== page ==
|Valgrind 3.3 - Advanced Debugging and Profiling for GNU/Linux applications|
by J. Seward, N. Nethercote, J. Weidendorfer and the Valgrind Development Team
Paperback (6"x9"), 164 pages
RRP £12.95 ($19.95)
9.4.2 Helgrind's Memory State Machine
Helgrind tracks the state of every byte of memory used by your program. There are a number of states, but only three are interesting:
- Exclusive: memory in this state is regarded as owned exclusively by one particular thread. That thread may read and write it without a lock. Even in highly threaded programs, the majority of locations never leave the Exclusive state, since most data is thread-private.
- Shared-Readonly: memory in this state is regarded as shared by multiple threads. In this state, any thread may read the memory without a lock, reflecting the fact that readonly data may safely be shared between threads without locking.
- Shared-Modified: memory in this state is regarded as shared by multiple threads, at least one of which has written to it. All participating threads must hold at least one lock in common when accessing the memory. If no such lock exists, Helgrind reports a race error.
Let's review the simple example above with this in mind. When the program starts, ‘var’ is not in any of these states. Either the parent or child thread gets to its ‘var++’ first, and thereby thereby gets Exclusive ownership of the location.
The later-running thread now arrives at its ‘var++’ statement. It first reads the existing value from memory. Because ‘var’ is currently marked as owned exclusively by the other thread, its state is changed to shared-readonly by both threads.
This same thread adds one to the value it has and stores it back in ‘var’. This causes another state change, this time to the shared-modified state. Because Helgrind has also been tracking which threads hold which locks, it can see that ‘var’ is in shared-modified state but no lock has been used to consistently protect it. Hence a race is reported exactly at the transition from shared-readonly to shared-modified.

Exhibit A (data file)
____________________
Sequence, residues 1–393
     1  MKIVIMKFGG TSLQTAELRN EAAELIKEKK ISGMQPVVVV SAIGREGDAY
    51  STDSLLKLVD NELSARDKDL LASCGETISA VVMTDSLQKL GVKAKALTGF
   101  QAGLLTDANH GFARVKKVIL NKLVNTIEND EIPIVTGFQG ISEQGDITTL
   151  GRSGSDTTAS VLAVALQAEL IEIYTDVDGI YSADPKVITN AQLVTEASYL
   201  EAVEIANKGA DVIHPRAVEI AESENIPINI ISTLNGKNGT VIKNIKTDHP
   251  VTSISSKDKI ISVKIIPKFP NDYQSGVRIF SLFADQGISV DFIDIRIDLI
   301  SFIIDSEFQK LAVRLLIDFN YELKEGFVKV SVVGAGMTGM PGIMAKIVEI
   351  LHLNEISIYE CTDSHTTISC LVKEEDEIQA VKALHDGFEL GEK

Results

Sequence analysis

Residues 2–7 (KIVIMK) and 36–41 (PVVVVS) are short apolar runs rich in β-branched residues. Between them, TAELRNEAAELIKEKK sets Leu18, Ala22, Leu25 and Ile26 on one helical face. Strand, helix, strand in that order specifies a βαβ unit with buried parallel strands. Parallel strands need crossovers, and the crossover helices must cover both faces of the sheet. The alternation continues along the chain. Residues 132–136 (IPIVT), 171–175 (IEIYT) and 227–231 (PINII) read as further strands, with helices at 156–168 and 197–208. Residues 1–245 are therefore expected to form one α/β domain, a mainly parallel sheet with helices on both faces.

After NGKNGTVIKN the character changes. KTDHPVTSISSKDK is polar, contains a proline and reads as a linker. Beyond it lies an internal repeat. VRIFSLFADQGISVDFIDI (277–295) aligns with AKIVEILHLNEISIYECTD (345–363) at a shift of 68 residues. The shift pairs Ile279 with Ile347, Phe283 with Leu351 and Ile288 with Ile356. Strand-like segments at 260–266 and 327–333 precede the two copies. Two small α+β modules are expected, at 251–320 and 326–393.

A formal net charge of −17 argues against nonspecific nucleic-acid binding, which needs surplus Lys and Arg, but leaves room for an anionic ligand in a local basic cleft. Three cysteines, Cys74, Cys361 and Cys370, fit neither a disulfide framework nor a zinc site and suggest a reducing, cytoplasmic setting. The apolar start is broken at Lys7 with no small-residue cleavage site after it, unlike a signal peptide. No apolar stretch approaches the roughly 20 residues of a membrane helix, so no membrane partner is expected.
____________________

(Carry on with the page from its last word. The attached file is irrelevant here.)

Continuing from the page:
The essence of the algorithm is this. Helgrind keeps track of each memory location that has been accessed by more than one thread. For each such location it incrementally infers the set of locks which have consistently been used to protect that location. If the location's lockset becomes empty, and at some point one of the threads attempts to write to it, a race is then reported.
This technique is known as “lockset inference” and was introduced in: “Eraser: A Dynamic Data Race Detector for Multithreaded Programs”, (Stefan Savage, Michael Burrows, Greg Nelson, Patrick Sobalvarro and Thomas Anderson, ACM Transactions on Computer Systems, 15(4):391-411, November 1997).
Lockset inference has since been widely implemented, studied and extended. Helgrind incorporates several refinements aimed at avoiding the high false error rate that naive versions of the algorithm suffer from. A summary of the complete algorithm used by Helgrind (see 9.4.5) is presented below. First, however, it is important to understand details of transitions pertaining to the Exclusive-ownership state.
|ISBN 0954612051||Valgrind 3.3 - Advanced Debugging and Profiling for GNU/Linux applications||See the print edition|